To mark 100 days of the first Conservative government in nearly 20 years, HuffPost UK is running 100 Days of Dave, a special series of blog posts from grassroots campaigners to government ministers, single parents to first-year students, reflecting on what's worked and what hasn't, whilst looking for solutions to the problems we still face.
"If you're young, want to work hard and want to get on, the Conservative Party is the party for you".
These were the words spoken by David Cameron prior to winning the general election in May. However, this statement could not be any further from the truth, for young people under the Tory government. The past '100 days of Blue' speaks for itself when it comes to the Conservative agenda for young people, who are willing to work hard and are seeking to better themselves.
The recent Budget by George Osborne is definitely not "good for us", despite what Osborne may claim. Can somebody please tell me what is good about the scrapping of educational maintenance grants for those from low-income families? The scrapping of housing benefit for young people under 21 and the increase of tuition fees?
To add insult to injury, young people under 25 who are working hard (many slaving away) will not be able to receive the national living wage of £7.20 from next year. You don't need to be an economist to see that the budget has done us or our families no favours. The Institute for Fiscal Studies have already claimed that the budget will leave 13million families worse off.
However I cannot be too ungrateful because the government, at the same time they have done all the above, have promised us (young people) three million new apprenticeships, higher personal tax-allowance and help to buy ISAs - so that makes everything okay, right?
There are still so many unresolved issues affecting young people that our government are yet to tackle. For example, we have almost 83,000 young people homeless in Britain, the fact that although youth unemployment has fallen by two per cent among young white people, it has risen by 49% over the last five years among BME young people. Or the fact that mental health services for children and young people in England were cut by £35million last year, despite a government commitment to transform mental health care.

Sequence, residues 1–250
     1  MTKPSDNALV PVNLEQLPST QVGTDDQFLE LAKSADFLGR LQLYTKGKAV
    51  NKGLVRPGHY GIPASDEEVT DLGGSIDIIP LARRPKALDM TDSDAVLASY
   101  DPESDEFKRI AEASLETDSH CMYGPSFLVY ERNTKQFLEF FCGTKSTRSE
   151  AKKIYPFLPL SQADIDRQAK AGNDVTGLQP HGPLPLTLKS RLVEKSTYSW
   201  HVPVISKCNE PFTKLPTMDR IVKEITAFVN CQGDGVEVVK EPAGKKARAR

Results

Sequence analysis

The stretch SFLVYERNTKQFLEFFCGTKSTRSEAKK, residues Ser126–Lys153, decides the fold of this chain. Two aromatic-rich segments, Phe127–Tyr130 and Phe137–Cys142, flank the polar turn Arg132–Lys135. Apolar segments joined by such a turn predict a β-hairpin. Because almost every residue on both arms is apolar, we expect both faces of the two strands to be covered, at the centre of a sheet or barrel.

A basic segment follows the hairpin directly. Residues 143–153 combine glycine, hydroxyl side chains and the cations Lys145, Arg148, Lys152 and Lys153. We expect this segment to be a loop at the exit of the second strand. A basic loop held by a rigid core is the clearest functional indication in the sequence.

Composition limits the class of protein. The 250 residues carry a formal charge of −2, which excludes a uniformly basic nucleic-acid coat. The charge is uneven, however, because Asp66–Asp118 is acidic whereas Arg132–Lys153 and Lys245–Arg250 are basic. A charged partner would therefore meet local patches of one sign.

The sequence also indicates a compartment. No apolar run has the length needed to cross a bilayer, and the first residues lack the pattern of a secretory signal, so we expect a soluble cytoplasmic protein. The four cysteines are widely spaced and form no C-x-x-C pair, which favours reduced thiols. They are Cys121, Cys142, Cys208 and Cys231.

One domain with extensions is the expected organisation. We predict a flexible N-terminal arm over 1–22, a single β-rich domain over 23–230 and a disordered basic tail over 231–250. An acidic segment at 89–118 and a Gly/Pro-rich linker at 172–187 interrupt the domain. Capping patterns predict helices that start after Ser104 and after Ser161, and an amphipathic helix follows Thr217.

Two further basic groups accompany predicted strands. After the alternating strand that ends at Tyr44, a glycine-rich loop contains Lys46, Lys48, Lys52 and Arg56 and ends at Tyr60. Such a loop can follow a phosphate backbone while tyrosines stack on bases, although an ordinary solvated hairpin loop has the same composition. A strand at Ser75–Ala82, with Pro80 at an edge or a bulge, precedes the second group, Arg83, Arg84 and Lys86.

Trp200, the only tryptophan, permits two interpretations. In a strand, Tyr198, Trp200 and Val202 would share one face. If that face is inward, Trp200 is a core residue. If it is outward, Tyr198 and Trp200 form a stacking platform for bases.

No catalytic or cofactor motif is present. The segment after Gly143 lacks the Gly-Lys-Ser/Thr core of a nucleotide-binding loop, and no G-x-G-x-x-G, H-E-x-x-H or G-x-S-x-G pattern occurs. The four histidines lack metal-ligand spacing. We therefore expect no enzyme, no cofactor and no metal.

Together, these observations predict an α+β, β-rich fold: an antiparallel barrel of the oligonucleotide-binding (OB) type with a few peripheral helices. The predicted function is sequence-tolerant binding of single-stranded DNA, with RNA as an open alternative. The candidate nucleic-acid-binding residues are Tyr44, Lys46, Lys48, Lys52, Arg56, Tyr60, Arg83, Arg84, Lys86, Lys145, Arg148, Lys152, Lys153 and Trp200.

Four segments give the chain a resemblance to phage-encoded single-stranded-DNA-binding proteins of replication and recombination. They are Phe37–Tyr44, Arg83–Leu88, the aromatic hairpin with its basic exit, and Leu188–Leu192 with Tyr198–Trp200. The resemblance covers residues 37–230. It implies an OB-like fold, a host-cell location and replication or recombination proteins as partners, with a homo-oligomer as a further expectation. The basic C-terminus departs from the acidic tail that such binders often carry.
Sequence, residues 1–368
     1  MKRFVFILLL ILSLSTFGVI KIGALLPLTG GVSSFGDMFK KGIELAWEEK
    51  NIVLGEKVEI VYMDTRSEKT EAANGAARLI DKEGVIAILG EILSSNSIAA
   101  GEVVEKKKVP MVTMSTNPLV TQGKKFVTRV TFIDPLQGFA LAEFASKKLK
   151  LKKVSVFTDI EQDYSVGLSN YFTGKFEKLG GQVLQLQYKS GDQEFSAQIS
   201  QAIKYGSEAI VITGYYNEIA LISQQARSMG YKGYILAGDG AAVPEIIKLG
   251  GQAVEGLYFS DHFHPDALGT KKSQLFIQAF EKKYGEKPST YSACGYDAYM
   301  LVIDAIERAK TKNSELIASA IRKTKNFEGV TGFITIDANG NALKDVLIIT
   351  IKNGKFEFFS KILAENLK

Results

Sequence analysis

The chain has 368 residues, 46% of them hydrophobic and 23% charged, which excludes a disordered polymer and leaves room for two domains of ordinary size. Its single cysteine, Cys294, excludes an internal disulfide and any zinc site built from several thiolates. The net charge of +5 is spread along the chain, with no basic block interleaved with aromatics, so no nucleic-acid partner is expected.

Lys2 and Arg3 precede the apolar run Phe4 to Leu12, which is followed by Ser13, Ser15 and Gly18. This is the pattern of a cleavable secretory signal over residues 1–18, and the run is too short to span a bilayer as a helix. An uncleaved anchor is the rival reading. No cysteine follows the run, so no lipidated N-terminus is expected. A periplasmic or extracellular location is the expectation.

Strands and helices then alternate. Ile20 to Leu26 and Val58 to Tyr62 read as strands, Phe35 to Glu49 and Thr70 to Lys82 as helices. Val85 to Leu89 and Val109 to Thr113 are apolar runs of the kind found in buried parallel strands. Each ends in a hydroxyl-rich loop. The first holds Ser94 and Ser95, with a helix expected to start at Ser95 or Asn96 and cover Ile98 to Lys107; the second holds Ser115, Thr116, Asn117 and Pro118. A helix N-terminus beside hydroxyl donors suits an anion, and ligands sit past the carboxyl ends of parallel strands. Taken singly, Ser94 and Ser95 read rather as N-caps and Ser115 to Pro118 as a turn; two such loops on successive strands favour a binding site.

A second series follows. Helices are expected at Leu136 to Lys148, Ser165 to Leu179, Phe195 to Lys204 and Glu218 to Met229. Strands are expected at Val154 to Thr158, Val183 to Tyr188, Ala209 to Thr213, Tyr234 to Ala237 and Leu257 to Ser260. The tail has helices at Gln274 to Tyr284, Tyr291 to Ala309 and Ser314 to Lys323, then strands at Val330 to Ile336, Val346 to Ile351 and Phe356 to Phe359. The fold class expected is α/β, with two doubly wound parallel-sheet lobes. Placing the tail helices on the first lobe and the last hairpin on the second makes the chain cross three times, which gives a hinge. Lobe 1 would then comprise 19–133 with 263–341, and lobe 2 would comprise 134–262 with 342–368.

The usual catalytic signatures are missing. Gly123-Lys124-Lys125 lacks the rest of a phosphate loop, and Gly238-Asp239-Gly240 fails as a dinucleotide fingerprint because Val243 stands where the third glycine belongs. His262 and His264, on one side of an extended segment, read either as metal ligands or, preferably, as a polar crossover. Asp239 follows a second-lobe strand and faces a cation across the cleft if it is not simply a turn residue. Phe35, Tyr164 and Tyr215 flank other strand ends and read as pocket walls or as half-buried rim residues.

A big thing for me, which the government have been reluctant to address, is social mobility; and this is affecting many young people not born with a silver spoon in their mouths. I know this phrase "social mobility" is over-used and on the lips of many politicians, which is good. But most of them are doing nothing about increasing social mobility and are just giving us all lip service. We all know that life isn't fair and equality of outcome for everybody is unachievable, but as far as I am concerned we should all have equality of opportunity. We should not be trapped within the circumstances that we are born in. No-one has a choice about the family they are born in and I am strong believer that we should have a level playing field. Your background, ethnicity, race, gender or religion should not affect your life chances as a child or young person.
This problem of social mobility runs deeper in our country than people may realise. A study published last month, by the London School of Economics for the Social Mobility and Child Poverty Commission, has identified that "Less able, better-off kids are 35% more likely to become high earners than bright poor kids." We are living in a country where you do not fly as far as your talent. What type of schooling you had, who you know, and how wealthy your parents are major determinants of your success. Just 7% of people in our country are privately educated but yet 71% of senior judges, 62% of senior armed forces officers, 50% of Team GB gold medallist and 50% of members of the House of Lords are... you'll never guess... privately educated. How does that make any sense? So, how will our Prime Minster's cabinet - half of whom are privately educated and half of whom went to Oxbridge - solve this issue of social mobility?
We should be creating and developing a country where young people are growing up in a more meritocratic society, not one of nepotism. We should not be accepting the fact that some of brightest talent in our society will never get the best jobs or run FTSE 100 companies just because they were not born into a wealthy family or because they are not "posh" enough. They should be afforded opportunities too and not be allowed to fall through the cracks.
So, "If you want to work hard and want to get on" in life, I am not too sure how Cameron is going to make that any easier for you than he did when he was first elected in 2010. The past '100 days of Blue' have showed me that, yet again, 'nothing much' has changed for young people and as many of our life prospects fall further, inequality will inevitably rise in our generation.